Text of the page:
The United Nations have reported that one South East Asian nation is on the brink of a “national emergency,” with a 140% jump in new HIV cases in only six years.
With 4,300 new cases being reported in 2010, UNAIDS says the number has risen drastically in the Philippines with 10,500 new cases being reported in 2016.
The UNAIDS Report which has confirmed the Philippines as having the fastest growing HIV epidemic in the Asia Pacific region, says that the nation “has a small window of opportunity to act now and stop a major HIV epidemic from taking hold.”
Eamonn Murphy, who is the Director of UNAIDS Regional Support Team for Asia-Pacific says, “If HIV programming is re-directed to focus on the people most at risk and where they are located, I’m sure the country can not only return to a stable situation but even end the AIDS epidemic as a public health threat by 2030.”
Despite initial progress being made by the Philippines by controlling the HIV epidemic among female sex workers, the nation noted a shift in the epidemic in 2007 with 83% of newly reported HIV cases occurred among men who have sex with men (MSM) and trans women who have sex with men (TGW).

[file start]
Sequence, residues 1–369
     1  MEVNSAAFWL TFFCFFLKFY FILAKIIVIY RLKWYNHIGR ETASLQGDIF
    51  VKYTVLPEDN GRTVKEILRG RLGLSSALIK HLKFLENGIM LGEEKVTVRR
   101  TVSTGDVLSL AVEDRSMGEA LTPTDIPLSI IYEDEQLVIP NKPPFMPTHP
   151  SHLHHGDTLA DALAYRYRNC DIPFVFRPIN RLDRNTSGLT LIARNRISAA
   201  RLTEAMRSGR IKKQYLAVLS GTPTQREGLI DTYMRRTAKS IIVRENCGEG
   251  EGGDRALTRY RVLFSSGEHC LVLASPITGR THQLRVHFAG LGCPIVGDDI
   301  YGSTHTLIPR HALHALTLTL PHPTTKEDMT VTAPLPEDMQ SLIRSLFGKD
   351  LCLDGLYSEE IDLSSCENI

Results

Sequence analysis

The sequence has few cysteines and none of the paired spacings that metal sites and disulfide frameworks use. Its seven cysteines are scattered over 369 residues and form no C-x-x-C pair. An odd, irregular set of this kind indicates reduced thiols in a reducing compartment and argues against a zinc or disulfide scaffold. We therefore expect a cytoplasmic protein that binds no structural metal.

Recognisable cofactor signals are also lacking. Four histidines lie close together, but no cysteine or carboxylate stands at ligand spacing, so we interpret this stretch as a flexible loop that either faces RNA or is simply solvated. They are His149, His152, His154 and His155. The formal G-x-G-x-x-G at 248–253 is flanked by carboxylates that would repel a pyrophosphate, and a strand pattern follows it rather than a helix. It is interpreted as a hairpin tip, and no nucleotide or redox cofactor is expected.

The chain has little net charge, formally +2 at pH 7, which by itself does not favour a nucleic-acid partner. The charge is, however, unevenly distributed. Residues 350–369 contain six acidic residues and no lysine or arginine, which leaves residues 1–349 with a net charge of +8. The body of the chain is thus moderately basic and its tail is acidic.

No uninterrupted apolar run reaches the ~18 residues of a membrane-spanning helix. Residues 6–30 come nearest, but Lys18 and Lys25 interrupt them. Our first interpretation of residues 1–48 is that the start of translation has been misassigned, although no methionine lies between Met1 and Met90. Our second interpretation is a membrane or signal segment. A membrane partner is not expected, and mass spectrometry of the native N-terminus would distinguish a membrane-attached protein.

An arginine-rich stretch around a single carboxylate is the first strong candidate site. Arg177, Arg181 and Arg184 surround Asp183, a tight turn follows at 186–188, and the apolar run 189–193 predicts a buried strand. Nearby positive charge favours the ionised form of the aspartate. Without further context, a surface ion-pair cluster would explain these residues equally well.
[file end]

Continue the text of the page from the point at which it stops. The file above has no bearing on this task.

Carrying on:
In contrast to the early 2000’s, The majority of the new infections in 2016 were among 15 to 24-year-old MSM and TGW, resulting in the Department of Health estimating that in less than 10 years over 90% of people living with HIV in the Philippines will be under 30.
“HIV is one of the top health priorities for the government of the Philippines,” explains Dr. Paulyn Jean Rosell-Ubial, the Secretary of the Department of Health.
“The Department of Health is determined and committed to halt the increase in the number of cases and start reversing the trend of the epidemic in five years.”